• Plant the insured crop during the late planting period, if applicable. The late planting period is generally 25 days after the final planting date but varies by crop and area, as specified in the policy. For most crops, the timely planted production guarantee is reduced 1 percent per day for each day planting is delayed after the final planting date.
  • Plant the insured crop after the late planting period, in which case the insurance guarantee will be the same as the insurance guarantee provided for prevented planting coverage.
  • Plant a cover crop and receive a full prevented planting payment (but do not hay or graze this cover crop before November 1 and do not harvest it at any time).
  • Plant a cover crop after the late planting period and hay or graze it before November 1 and receive 35 percent of the prevented planting payment for your first crop.
  • Plant a second crop after the late planting period or hay/graze a cover crop after the end of the late planting period but before November 1 and receive a prevented planting payment equal to 35 percent of the prevented planting guarantee.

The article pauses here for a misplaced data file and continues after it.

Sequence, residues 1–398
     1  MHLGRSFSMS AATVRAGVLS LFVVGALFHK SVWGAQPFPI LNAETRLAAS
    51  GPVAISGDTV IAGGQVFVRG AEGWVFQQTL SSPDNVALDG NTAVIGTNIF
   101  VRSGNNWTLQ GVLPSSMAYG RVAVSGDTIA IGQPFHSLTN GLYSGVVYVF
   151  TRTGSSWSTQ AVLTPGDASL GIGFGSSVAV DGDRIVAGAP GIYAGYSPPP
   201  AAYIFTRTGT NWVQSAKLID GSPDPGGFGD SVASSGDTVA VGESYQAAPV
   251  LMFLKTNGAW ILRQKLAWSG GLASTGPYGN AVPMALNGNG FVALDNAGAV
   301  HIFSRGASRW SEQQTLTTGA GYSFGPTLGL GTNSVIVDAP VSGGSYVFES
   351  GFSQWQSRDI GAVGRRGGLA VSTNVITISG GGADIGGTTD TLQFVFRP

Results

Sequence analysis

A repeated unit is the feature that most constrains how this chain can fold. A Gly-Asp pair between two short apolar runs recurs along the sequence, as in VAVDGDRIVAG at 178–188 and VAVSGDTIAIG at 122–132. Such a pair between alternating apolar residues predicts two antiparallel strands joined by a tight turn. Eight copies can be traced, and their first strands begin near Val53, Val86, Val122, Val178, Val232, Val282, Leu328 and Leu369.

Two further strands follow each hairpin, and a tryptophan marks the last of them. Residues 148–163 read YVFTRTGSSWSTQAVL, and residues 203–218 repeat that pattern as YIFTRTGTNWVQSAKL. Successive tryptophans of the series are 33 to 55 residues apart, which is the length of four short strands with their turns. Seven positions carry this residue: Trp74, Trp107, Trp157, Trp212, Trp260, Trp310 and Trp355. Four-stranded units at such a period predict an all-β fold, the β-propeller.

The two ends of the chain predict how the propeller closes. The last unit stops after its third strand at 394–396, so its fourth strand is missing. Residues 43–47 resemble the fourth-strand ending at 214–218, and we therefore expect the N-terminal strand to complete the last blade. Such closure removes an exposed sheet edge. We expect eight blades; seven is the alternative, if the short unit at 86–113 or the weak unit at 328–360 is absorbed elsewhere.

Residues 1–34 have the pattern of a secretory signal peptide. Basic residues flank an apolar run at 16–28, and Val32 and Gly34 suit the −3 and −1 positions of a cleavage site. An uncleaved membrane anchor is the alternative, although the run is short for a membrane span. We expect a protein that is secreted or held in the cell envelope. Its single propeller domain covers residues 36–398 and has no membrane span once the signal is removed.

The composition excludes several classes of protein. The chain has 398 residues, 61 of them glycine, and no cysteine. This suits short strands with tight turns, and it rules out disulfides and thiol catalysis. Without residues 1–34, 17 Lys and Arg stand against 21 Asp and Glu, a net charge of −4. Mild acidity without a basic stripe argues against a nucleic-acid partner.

• Leave the acreage idle (black dirt) and receive a full prevented planting payment. Conservation improvements are allowed.

For more information on Prevented Planting, check out the 2015 USDA Risk Management Agency Fact Sheet for Iowa, Minnesota, and Wisconsin.

Liz Juchems

Natural Crop Insurance

Insurance is perhaps the only thing we purchase with the hope that we never need use it. Farmers have long been active in using insurance to mitigate some of the uncertainties inherent to farming. Insuring against uncertainty has been popular amongst farmers over the past decade; especially here in Iowa, which has seen a substantial number of extreme weather events.